New York Gaming Commission employees report sexual harassment and racism

August 21, 2023
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Bullying, political favoritism and the display of inappropriate signage in the workplace have also been alleged.

The New York Gaming Commission (NYGC) has been reported as a “toxic” working environment by employees who have suffered sexual harassment, racial discrimination, bullying and other issues during their time with the Commission. The agency is responsible for regulating casinos, horseracing and the lottery within the state.

Some previous employees spoke to the Times Union about working conditions and lawsuits surrounding the commission. At least four lawsuits, including discrimination on the basis of sex, race and disability are active.

Two lawsuits related to age discrimination have also been settled within the past four years, in which $75,000 was paid, but no fault was admitted. Recently, an undisclosed sum was agreed in a settlement for alleged sexual harassment as well.

Former Associate Counsel for the Gaming Commission said, “I quickly realized this was not a normal workplace. I can never work in state service again under the same leadership.”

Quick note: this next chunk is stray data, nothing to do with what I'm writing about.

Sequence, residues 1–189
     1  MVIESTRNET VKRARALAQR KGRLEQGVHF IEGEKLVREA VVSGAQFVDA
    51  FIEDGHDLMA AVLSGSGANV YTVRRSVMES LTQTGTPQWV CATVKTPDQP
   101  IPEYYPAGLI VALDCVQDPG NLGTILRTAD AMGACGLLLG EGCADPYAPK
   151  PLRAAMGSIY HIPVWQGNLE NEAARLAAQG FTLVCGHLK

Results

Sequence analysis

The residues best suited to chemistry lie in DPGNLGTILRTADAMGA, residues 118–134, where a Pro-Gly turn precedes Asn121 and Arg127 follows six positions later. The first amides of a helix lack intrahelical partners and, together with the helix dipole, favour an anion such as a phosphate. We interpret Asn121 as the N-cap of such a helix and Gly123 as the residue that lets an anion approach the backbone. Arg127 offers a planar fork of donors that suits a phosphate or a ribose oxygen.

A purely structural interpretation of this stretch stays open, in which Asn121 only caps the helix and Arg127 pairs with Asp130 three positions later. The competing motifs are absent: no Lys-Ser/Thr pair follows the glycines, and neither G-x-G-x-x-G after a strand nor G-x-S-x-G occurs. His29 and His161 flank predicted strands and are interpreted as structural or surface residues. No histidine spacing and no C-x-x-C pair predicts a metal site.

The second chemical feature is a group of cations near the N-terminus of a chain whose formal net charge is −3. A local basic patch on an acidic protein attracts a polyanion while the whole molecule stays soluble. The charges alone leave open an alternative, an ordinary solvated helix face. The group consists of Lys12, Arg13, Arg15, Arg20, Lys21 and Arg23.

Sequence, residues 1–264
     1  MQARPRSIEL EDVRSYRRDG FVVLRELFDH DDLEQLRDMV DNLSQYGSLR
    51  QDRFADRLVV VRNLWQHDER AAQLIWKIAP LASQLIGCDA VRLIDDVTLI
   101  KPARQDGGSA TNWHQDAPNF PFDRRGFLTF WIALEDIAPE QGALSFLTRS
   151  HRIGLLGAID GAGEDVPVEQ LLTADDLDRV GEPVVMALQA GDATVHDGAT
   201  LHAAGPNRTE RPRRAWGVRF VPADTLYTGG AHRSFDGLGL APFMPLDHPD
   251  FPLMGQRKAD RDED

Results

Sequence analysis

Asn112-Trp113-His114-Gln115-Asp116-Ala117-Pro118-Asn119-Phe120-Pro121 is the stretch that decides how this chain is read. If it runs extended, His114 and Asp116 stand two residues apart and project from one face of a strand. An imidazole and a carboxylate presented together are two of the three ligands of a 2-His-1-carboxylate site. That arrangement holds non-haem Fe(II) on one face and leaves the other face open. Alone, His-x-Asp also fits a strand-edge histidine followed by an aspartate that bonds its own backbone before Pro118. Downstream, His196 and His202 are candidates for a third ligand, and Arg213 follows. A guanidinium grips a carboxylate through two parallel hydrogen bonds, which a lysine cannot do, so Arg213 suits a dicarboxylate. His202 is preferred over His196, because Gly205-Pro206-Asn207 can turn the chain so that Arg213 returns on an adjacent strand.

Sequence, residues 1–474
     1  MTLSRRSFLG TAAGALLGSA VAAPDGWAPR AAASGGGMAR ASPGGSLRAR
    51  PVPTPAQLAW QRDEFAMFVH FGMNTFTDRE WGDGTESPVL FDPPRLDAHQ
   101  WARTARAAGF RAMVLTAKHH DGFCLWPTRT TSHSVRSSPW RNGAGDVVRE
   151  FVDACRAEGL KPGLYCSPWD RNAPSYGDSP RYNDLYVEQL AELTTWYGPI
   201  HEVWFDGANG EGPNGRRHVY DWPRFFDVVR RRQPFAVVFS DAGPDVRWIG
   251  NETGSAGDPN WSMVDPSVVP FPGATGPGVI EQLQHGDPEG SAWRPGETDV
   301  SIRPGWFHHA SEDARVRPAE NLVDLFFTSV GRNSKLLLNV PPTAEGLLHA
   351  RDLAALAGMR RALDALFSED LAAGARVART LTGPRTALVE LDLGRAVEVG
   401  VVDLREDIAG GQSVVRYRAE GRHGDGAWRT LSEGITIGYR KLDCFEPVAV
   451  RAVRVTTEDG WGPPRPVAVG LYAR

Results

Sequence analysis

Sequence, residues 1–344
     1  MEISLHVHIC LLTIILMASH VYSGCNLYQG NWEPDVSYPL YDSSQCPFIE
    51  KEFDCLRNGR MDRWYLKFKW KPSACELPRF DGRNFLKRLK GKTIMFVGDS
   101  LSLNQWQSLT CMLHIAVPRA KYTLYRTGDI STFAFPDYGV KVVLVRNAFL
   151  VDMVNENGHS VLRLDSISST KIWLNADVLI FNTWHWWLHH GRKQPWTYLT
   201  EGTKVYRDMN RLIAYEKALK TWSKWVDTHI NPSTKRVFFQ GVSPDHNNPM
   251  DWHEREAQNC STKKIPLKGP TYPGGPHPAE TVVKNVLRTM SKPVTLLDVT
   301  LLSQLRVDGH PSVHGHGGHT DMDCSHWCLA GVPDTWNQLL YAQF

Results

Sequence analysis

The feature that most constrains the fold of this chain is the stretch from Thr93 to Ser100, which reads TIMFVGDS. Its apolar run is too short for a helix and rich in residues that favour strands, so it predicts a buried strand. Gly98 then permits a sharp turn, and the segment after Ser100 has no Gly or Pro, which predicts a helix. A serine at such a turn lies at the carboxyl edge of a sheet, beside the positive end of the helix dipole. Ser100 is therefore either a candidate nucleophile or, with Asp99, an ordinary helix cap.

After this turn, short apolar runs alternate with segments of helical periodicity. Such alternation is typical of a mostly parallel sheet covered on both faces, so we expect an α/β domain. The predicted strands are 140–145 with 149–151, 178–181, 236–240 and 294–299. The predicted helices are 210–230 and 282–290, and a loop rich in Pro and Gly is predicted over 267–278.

Descriptions ranged from “dysfunctional,” to “hostile,” to “a nightmare.” Former employee, Larry Maylock also spoke of a sign making reference to the Ku Klux Klan hanging on the wall of the commission’s headquarters for weeks in 2019.

New York’s Office of Employee Relations has received 41 complaints since December 2018. The Public Employees Federation also noted it has received reports of employees performing supervisory-level roles not receiving management-level pay.

New York Governor Kathy Hochul’s office released the following statement through spokesperson, Avi Small. “Gov. Hochul has made clear that there's no place for harassment and abuse in her administration, and since taking office in 2021 she has taken significant action to implement new policies, training and workplace protections that support and protect the state workforce.”

Employees have stated they’ve felt problems or reports of issues have been either ignored or insufficiently addressed. The man responsible for racist signage was suspended without pay, but eventually returned to work, and a man reported for sexual harassment had his workstation moved as a consequence.

NYGC spokesman Brad Maione said, “The commission cannot help if unnamed individuals are unsatisfied with the outcome of such investigations or actions.” He also said of lawsuits related to discrimination during promotion opportunities, that all decisions are based on, “merit, experience and expertise.”

Gaming America has reached out to the NYGC for comment.

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